# Consistent and Inconsistent Systems of Equations

All the systems of equations that we have seen in this section so far have had unique solutions. These are referred to as Consistent Systems of Equations, meaning that for a given system, there exists one solution set for the different variables in the system or infinitely many sets of solution. In other words, as long as we can find a solution for the system of equations, we refer to that system as being consistent

For a two variable system of equations to be consistent the lines formed by the equations have to meet at some point or they have to be parallel.

For a three variable system of equations to be consistent, the equations formed by the equations must meet two conditions:

- All three planes have to parallel
- Any two of the planes have to be parallel and the third must meet one of the planes at some point and the other at another point.

Given that such systems exist, it is safe to conclude that Inconsistent systems should exist as well, and they do. Inconsistent Systems of Equations are referred to as such because for a given set of variables, there in no set of solutions for the system of equations.

Inconsistent systems arise when the lines or planes formed from the systems of equations don't meet at any point and are not parallel (all of them or only two and the third meets one of the planes at some point.)

## Two variable system of equations with Infinitely many solutions

The equations in a two variable system of equations are linear and hence can be thought of as equations of two lines. When these two lines are parallel, then the system has infinitely many solutions.

When two lines are parallel, their equations can usually be expressed as multiples of each other and that's usually a quick way to spot systems with infinitely many solutions.

**For example**, let's try to solve the system of equations below:

Using substitution method, we can solve for the variables as follows:

From equation (1)

substituting the above into equation(2)

In the above equation, we can see that we've lost all the variables from the equation.
This means that we can pick any value of **x** or **y** then substitute it
into any one of the two equations and then solve for the other variable.

For example if we pick **x = 0**, then if we substitute this into equation (1)
we would get **y = 1**. Any value we pick for **x** would give a different
value for **y** and thus there are infinitely many solutions for the system of
equations.

## Two variable systems of equations with NO SOLUTION

There also exist two variable system of equations with no solution at all. This happens when as we attempt to solve the system we end up an equation that makes no sense mathematically.

**For example**, solve the system of equations below:

Using matrix method we can solve the above as follows:

Reducing the above to Row Echelon form can be done as follows:

Adding row 2 to row 1:

The equation formed from the second row of the matrix is given as

which means that:

But we know that the above is mathematically impossible. When we come across the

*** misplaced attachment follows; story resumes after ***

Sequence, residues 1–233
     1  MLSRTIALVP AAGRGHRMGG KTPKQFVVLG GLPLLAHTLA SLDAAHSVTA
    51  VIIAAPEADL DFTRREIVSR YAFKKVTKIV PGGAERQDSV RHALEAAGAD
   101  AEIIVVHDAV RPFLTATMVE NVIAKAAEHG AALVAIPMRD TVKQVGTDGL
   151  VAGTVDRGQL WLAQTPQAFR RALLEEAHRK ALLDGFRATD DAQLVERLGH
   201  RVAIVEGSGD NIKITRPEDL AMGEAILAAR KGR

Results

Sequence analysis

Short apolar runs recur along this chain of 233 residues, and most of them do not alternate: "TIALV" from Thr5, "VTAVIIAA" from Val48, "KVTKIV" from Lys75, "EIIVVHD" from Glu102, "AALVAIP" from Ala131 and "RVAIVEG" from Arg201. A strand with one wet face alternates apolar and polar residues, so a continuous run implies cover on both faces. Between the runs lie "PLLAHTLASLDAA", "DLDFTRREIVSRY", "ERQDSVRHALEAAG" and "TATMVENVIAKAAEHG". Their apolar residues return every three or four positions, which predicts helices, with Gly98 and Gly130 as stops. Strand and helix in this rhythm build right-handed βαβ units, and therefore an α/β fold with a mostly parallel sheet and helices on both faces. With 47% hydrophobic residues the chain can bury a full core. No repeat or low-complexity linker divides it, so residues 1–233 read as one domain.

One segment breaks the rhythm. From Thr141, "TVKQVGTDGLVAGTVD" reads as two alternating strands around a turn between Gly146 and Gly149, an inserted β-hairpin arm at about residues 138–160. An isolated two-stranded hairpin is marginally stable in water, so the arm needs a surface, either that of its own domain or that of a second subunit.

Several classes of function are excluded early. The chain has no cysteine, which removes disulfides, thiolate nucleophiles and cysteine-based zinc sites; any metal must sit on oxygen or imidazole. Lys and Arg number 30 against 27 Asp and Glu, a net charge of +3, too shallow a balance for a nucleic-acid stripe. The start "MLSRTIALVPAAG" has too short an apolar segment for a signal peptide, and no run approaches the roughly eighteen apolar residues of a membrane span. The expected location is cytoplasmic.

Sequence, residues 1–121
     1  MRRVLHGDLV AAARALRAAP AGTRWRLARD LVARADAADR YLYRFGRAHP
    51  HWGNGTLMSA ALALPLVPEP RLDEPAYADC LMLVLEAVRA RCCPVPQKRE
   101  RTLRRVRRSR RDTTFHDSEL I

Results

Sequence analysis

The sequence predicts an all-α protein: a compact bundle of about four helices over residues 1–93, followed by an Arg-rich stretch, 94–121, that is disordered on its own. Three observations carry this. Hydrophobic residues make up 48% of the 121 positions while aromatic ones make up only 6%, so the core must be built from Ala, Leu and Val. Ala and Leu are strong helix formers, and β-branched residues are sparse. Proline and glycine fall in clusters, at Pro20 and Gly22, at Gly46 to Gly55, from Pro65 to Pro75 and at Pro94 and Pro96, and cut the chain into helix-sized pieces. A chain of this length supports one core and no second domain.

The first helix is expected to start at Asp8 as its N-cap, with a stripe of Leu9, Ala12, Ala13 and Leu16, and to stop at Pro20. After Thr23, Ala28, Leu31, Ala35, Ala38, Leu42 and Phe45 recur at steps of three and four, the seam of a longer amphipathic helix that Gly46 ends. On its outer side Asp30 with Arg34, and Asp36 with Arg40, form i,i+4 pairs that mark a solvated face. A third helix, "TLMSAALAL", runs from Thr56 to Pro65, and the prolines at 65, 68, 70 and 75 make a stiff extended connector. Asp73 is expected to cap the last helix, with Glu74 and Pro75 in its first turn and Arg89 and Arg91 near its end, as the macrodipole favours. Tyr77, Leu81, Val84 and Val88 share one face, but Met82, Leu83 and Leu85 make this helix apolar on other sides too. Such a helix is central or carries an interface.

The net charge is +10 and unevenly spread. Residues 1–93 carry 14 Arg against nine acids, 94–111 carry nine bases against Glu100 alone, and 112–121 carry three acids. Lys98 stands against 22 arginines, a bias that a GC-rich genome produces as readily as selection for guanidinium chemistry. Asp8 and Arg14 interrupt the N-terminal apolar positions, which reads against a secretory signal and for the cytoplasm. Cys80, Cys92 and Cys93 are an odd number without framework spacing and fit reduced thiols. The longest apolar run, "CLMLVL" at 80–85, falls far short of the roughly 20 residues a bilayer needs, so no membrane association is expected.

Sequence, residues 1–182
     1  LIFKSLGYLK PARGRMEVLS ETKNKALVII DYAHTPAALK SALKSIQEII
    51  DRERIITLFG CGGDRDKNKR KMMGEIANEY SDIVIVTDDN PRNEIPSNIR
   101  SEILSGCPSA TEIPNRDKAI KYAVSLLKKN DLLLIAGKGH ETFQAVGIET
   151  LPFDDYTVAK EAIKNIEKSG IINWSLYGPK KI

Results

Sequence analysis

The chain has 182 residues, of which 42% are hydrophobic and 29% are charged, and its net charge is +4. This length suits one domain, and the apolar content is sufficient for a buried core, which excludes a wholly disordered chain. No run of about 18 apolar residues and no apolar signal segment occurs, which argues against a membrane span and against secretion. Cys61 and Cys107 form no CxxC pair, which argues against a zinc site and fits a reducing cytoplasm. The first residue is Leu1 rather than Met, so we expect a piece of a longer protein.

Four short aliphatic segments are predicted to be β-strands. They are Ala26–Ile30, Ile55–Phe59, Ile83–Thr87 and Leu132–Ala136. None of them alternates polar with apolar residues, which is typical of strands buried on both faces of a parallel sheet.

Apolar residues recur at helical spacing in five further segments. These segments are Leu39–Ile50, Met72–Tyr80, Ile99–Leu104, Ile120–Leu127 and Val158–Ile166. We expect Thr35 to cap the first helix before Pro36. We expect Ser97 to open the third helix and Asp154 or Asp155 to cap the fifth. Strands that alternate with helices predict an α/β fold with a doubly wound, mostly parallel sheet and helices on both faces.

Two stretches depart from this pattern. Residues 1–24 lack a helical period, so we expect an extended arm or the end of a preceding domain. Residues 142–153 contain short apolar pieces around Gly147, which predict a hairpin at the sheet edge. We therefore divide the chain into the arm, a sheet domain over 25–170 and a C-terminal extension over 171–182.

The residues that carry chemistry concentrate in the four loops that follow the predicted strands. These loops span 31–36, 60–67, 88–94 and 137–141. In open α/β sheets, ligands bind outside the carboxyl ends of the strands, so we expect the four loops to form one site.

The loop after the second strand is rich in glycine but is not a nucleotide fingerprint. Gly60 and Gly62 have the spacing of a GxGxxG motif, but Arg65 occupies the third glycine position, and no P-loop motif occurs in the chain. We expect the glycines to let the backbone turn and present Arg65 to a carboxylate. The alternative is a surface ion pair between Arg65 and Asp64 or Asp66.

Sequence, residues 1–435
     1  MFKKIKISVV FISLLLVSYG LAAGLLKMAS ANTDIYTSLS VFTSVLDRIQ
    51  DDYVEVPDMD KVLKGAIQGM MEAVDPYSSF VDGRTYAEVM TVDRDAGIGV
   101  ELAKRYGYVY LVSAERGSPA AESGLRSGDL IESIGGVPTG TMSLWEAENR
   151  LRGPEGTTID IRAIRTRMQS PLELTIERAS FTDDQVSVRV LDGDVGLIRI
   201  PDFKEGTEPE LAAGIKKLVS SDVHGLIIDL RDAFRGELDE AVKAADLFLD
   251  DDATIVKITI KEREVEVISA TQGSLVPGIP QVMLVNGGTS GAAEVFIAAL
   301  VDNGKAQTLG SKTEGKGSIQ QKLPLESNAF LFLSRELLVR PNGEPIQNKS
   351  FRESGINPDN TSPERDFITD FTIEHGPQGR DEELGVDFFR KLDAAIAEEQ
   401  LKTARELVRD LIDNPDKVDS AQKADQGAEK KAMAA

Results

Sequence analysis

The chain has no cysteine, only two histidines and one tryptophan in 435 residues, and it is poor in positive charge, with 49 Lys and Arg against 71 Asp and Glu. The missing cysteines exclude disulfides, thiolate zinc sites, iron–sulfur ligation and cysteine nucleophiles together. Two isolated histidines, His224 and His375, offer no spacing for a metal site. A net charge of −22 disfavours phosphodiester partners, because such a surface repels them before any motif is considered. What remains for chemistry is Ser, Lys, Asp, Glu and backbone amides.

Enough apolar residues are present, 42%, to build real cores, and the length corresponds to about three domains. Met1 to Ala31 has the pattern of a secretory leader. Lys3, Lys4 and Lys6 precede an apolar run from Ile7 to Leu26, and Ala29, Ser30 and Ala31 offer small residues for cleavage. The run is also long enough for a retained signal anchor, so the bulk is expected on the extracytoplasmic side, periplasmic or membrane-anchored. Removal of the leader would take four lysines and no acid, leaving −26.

above, we say that the system of equations has **NO SOLUTION**. Thus we refer
to such systems as being inconsistent because they don't make any mathematical sense.

## Three variable systems of equations with Infinite Solutions

When discussing the different methods of solving systems of equations, we only looked at examples of systems with one unique solution set. These are known as Consistent systems of equations but they are not the only ones. Three variable systems of equations with infinitely many solution sets are also called consistent.

Since the equations in a three variable system of equations are linear, they can also be thought of as equations of planes. The way these planes interact with each other defines what kind of solution set they have and whether or not they have a solution set. When these planes are parallel to each other, then the system of equations that they form has infinitely many solutions.

Just as with two variable systems, three variable sytems have an infinte set of solutions if when you solving for the variables you end up with an equation where all the variables disappear.

**For example**; solve the system of equations below:

**Solution:**

Using matrix method:

In the last row of the above augmented matrix, we have ended up with all zeros on both sides of the equations. This means that two of the planes formed by the equations in the system of equations are parallel, and thus the system of equations is said to have an infinite set of solutions. We solve for any of the set by assigning one variable in the remaining two equations and then solving for the other two.

**For example**, if we take **y =3**

Then:

Then using the first row equation, we solve for x

## Three variable systems with NO SOLUTION

Three variable systems of equations with no solution arise when the planed formed by the equations in the system neither meet at point nor are they parallel. As a result, when solving these systems, we end up with equations that make no mathematical sense.

**For example**; solve the system of equations below

**Solution:**

Using Matrix method:

In the last row, we ended up with the equation **0 = 6** which we know can't
be true and so we conclude that the system of equations has no solution.